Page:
Ohio lender records lossCOLUMBUS, Ohio - Huntington National Bank reported that its dealer sales activity, which includes indirect auto finance and floorplanning, had a net loss of $42.7 million for the second quarter or $24.1 million for the first half. Results included special charges totaling $60.5 million to write off items including subprime auto loans, delinquent loans and increased bankruptcies. The bank also had charges of $20 million to increase reserves for residual losses on off-lease vehicles and $12 million to write down the value of assets that were securitized earlier. Before taxes and special charges, dealer sales earned $17.8 million for the second quarter, down 27.3 percent. The bank announced last month that it would stop buying subprime auto loans but would continue to originate prime-risk leases and loans.
Another bank bails outELMIRA, N.Y. - Elmira Savings Bank, FSB, will stop accepting auto loans from dealers starting Sept. 1. Elmira operates six offices in New York state and Pennsylvania. The bank, which will continue to offer auto loans directly to customers, had provided loans to dealerships since 1983.
Chase Auto sees increaseGARDEN CITY, N.Y - Chase Auto Finance Corp. had record auto loan and lease originations of $9.1 billion in the first half, an increase of 78.4 percent over the same period last year. In the first quarter of 2000, the bank took a $100 million charge, expecting lower resale values for its off-lease cars and light trucks.
Union Acceptance pulls backINDIANAPOLIS - Prime and near-prime auto lender Union Acceptance Corp. has raised its credit standards and, at least temporarily, cut back on buying loans from dealers, according to Chairman Michael Stout. The company buys loans from about 5,600 dealers in 40 states. In the quarter that ended June 30, Union Acceptance bought $198.8 million worth of loans, less than half the year-ago total. For the fiscal year that ended June 30, it had net income of $4.2 million, down 75.3 percent. The fiscal fourth quarter included a one-time charge of $15 million for underestimating losses on loans. Without that and other charges, net income for fiscal 2001 would have been $23.3 million.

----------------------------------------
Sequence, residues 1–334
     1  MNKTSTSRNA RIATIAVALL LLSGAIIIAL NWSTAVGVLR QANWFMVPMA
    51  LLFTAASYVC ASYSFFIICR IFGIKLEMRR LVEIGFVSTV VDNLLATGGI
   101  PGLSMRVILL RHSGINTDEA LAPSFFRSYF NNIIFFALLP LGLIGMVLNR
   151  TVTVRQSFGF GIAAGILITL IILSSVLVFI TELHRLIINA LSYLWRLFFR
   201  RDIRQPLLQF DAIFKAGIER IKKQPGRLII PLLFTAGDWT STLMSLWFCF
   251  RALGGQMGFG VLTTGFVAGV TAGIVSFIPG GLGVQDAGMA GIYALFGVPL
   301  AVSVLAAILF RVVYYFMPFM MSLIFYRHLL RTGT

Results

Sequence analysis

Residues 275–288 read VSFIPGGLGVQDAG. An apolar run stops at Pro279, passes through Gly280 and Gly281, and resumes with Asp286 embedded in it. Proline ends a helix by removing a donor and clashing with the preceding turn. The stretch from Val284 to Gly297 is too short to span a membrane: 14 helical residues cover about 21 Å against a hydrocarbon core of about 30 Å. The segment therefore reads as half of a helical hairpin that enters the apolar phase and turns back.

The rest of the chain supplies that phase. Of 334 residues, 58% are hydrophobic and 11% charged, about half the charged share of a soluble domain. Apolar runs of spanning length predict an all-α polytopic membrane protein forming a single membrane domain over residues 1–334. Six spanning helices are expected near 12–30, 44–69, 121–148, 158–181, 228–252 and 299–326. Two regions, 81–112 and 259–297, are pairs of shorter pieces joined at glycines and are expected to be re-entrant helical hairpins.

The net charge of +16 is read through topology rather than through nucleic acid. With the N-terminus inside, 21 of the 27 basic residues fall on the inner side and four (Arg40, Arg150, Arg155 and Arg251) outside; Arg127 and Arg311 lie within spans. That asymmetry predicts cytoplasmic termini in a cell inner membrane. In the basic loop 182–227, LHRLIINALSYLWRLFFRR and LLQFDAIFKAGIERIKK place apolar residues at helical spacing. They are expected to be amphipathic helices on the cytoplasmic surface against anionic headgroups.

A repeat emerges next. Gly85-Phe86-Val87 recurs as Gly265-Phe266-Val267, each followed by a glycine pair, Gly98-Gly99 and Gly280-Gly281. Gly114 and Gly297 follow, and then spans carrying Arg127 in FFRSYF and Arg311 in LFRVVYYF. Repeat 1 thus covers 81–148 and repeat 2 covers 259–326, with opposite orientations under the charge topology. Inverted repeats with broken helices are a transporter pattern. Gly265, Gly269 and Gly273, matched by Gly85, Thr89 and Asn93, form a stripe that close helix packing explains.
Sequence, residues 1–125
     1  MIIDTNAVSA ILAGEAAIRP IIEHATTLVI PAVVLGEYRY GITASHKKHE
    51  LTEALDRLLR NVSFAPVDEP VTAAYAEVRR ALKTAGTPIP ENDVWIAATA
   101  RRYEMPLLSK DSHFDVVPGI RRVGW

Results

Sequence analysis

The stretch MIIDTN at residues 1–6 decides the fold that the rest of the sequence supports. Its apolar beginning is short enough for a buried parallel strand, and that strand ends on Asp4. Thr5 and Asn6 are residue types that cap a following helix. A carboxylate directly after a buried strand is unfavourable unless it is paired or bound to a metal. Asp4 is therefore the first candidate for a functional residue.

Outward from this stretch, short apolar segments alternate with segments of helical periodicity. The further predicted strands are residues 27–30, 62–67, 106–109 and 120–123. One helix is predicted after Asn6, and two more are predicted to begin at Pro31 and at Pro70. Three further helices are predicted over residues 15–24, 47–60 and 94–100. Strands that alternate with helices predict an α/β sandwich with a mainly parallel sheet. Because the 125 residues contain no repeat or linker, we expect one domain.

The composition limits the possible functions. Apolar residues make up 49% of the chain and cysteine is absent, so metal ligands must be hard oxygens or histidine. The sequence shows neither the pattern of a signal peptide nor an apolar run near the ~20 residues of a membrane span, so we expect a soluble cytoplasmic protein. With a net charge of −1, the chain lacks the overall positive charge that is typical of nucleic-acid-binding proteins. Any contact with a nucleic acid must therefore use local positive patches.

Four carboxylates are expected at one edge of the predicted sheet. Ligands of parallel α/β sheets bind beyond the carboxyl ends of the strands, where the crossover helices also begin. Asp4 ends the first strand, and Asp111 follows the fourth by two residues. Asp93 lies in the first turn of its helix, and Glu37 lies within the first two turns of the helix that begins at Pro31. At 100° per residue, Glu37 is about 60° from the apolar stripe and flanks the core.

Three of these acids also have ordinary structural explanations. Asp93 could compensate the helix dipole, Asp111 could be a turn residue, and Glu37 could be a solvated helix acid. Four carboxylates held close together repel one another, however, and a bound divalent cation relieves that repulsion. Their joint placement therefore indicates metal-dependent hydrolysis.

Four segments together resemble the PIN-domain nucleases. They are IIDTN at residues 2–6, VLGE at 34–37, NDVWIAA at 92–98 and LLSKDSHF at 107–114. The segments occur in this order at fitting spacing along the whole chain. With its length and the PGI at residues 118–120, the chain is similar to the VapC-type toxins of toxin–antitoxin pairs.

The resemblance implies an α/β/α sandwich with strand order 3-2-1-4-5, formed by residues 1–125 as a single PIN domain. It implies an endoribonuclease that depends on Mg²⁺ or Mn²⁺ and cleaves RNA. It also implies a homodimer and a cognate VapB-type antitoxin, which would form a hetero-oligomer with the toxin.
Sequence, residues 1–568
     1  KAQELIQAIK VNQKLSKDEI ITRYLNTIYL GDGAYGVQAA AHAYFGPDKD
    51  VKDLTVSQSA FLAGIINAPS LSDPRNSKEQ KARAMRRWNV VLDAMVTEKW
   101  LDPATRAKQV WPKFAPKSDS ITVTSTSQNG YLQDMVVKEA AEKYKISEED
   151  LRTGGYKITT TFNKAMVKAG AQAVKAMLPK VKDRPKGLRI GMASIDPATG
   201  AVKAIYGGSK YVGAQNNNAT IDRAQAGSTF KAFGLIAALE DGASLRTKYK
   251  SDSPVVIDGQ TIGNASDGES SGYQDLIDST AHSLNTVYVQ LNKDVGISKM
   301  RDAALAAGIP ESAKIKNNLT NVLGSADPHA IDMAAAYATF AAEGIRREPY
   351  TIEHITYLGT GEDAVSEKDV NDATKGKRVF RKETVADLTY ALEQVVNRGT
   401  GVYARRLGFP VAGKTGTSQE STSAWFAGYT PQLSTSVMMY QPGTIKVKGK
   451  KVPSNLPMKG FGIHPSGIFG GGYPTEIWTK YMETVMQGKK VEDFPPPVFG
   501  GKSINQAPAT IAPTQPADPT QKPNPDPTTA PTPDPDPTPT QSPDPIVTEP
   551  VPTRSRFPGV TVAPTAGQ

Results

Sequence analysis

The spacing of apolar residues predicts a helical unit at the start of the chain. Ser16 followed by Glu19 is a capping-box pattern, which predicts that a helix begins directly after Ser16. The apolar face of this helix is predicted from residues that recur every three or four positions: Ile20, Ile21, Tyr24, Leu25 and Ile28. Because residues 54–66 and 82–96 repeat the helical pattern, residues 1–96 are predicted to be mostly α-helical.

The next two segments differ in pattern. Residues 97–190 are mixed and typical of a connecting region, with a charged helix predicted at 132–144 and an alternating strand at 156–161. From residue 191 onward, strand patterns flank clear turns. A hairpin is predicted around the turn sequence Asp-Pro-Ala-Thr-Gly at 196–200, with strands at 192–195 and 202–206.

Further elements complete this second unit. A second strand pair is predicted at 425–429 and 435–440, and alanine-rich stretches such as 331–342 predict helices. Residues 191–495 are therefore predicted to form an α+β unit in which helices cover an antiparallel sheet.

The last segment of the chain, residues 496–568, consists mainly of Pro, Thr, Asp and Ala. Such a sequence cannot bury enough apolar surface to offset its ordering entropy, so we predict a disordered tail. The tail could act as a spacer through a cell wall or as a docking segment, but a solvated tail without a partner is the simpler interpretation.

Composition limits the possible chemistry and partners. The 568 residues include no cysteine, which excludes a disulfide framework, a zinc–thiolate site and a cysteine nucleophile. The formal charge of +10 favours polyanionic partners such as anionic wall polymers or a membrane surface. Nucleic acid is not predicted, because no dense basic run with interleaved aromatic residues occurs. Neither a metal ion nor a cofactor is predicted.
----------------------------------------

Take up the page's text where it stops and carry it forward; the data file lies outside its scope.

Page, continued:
It's in the mailDETROIT - Customers whose leases are about to expire will start seeing direct-mail offers telling them they are prequalified for a loan on a new vehicle. Auto marketers now can match registration data and credit data to identify creditworthy individuals who are likely to be car shopping. That is according to R.L. Polk & Co., which compiles registrations, and One2One Group of Los Angeles, which analyzes credit data. On Aug. 6, the two companies announced the national rollout of a joint venture called "PolkOne" to sell the marketing service to dealers and lenders.